It is crucial that we understand the dynamics of our enemy. In a struggle for wages, we must be aware of and combat reformism and economism, which result in the integration into the capitalist system. For example, the civil rights and the feminist movements were able to be absorbed into bourgeois democracy, because their main focus was on economic integration, “equality” within the marketplace, rather than on the question of fundamental political power. One class did not overthrow another to transform society on a totally new basis; instead the same capitalist class remained in power, while slightly broadening its ranks, and expanding bourgeois democratic rights, for the reproduction of capital.
It is the task of proletarian revolutionaries to apply the correct line inside the mass level to avoid these types of deviations.
In Haiti, we are waging two levels of struggle. One is a minimum wage adjustment (for inflation), and the other is a struggle for an increased minimum wage. Both are important struggles to organize workers. These struggles are totally against neoliberalism, which actually calls for no standard on wages—a point defended by most presidents in Haiti (who operate the state apparatus in the interest of the dominant classes and imperialism). These struggles are not reformist, because we engaged in them, principally, with the goal of the abolition of wages. But we understand that socialism won’t fall from the sky. We need to be strategic. We must understand, and then use, the reality in front of us in order to engage to transform that reality.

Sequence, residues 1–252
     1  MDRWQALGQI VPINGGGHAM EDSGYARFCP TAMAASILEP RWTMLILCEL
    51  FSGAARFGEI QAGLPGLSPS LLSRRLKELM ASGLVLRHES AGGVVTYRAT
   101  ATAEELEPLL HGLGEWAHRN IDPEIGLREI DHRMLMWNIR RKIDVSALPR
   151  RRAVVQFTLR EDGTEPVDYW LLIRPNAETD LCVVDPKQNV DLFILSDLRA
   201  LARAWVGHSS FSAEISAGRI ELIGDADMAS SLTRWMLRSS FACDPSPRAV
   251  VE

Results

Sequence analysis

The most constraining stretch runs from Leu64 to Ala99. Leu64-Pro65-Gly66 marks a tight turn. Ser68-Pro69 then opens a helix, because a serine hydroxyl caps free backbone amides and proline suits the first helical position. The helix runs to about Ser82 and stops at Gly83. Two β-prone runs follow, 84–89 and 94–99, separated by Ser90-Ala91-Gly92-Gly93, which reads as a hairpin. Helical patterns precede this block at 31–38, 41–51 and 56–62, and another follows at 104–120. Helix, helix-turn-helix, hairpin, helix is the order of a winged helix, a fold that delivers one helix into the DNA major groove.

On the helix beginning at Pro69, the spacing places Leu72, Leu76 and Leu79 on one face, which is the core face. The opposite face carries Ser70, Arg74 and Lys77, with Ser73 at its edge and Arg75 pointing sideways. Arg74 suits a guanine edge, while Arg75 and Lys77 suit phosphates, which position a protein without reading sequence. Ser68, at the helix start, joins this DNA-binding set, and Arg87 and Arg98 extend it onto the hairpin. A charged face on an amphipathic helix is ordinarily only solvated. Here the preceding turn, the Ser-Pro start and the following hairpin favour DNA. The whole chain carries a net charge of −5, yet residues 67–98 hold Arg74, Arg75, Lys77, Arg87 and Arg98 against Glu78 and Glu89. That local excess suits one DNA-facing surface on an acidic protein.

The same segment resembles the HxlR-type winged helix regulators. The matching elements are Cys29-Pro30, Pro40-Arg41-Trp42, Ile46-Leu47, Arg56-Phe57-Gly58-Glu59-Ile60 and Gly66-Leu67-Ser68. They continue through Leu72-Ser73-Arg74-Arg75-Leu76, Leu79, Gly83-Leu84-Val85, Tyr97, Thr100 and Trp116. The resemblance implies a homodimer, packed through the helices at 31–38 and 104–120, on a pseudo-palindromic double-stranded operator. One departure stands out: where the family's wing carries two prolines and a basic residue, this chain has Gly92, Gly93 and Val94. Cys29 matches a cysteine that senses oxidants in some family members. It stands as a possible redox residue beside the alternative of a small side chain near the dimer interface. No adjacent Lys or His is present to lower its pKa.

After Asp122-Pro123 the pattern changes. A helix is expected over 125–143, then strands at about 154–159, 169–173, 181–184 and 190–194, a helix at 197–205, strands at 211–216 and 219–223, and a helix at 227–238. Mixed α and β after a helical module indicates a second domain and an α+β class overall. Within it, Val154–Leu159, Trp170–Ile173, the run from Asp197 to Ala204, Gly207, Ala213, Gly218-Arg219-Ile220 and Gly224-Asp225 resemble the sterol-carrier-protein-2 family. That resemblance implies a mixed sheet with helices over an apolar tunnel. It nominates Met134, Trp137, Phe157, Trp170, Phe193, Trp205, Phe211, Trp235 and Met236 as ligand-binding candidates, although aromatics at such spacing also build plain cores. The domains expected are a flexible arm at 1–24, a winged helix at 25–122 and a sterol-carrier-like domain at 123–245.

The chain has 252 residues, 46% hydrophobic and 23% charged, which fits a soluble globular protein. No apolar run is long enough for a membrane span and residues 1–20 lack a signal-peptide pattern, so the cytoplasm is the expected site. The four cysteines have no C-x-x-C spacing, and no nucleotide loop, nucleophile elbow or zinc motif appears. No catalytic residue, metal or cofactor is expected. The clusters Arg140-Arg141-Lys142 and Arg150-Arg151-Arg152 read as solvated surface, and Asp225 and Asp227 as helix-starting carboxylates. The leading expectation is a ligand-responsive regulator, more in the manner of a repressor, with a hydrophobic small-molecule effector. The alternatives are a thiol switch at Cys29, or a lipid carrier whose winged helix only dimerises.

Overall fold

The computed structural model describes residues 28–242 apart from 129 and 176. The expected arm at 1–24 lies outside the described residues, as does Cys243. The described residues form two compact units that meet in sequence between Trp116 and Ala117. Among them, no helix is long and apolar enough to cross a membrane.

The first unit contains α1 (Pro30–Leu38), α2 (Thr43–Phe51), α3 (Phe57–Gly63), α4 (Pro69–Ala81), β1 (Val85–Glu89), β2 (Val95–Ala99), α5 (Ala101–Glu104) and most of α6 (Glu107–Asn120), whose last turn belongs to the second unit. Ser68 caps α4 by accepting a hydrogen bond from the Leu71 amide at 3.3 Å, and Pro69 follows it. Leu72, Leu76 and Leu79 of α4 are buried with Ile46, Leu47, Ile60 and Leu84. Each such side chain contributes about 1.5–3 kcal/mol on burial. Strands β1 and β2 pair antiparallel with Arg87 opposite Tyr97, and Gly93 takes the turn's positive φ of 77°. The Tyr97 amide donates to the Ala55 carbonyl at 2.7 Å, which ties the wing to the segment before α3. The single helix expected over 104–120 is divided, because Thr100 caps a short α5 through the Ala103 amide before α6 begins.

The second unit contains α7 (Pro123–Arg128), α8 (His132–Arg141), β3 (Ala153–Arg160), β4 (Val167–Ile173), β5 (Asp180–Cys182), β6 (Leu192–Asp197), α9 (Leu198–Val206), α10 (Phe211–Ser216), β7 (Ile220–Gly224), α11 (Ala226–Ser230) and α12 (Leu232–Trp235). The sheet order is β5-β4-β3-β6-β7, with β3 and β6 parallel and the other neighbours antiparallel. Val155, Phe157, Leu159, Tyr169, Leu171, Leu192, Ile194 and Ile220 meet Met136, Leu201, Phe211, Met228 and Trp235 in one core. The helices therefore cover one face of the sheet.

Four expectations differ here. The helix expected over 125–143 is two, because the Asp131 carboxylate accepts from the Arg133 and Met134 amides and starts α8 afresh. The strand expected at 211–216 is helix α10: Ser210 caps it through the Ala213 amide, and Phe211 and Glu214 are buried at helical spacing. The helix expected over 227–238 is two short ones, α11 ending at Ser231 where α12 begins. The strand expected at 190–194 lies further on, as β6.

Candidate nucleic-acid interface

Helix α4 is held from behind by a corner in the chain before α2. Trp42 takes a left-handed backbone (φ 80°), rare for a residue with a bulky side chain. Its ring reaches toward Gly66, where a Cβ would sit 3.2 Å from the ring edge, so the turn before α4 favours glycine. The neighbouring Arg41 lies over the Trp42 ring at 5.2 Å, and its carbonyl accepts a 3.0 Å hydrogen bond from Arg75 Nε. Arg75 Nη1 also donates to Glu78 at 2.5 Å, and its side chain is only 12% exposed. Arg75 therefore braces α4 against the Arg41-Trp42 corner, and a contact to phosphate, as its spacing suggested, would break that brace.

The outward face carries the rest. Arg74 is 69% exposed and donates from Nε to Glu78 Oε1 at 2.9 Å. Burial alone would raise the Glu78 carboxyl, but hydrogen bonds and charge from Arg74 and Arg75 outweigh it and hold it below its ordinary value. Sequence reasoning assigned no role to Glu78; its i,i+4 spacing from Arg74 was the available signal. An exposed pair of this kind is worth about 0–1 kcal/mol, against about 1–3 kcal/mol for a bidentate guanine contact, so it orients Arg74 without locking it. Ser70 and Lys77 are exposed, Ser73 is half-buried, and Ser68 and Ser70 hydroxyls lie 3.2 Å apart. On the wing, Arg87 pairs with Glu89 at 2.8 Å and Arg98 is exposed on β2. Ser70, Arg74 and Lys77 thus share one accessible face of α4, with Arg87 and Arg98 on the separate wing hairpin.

Before we can kill capitalism, we have to weaken it and simultaneously strengthen our side. We can only do this if we tactically apply a correct revolutionary strategy, a correct political line. All social classes historically struggle to either reproduce themselves or to transform the reality they are in.
Members of the petit bourgeoisie, for example, go to school to learn a skill to guarantee their reproduction. If they want a higher paycheck, they go back to school to serve capital at a higher level, and aspire to become a bourgeois. This is the dominant historical ideological tendency of that class. The fundamental component of that tendency is individualism.
In contrast, the dominant tendency of the working class for its reproduction is struggle. The higher form of that struggle is the strike at the mass level, which workers can only do collectively. The dominant historical ideological component of the working class is collectivism, the antithesis of individualism (which ideologically corresponds to private property).
The Dead-End Path of Left Populism
Global capitalism is attacking every social category among the popular masses (every social and cultural group). This has given rise to a diverse, multi-faceted resistance, seeking to challenge capitalist domination. But though these movements are sometimes combative and significant, they are not based on a class alternative. They are therefore an amorphous amalgam, prone to confusion. Without a class orientation and a corresponding political line, these movements are unable to define clear lines of action aimed at real emancipation. They are unable to go beyond a ‘broad-based, popular’ desire for equality, and are therefore subject to populist drift. This characterizes the radicalized petit bourgeoisie’s response to the adverse situation it finds itself in.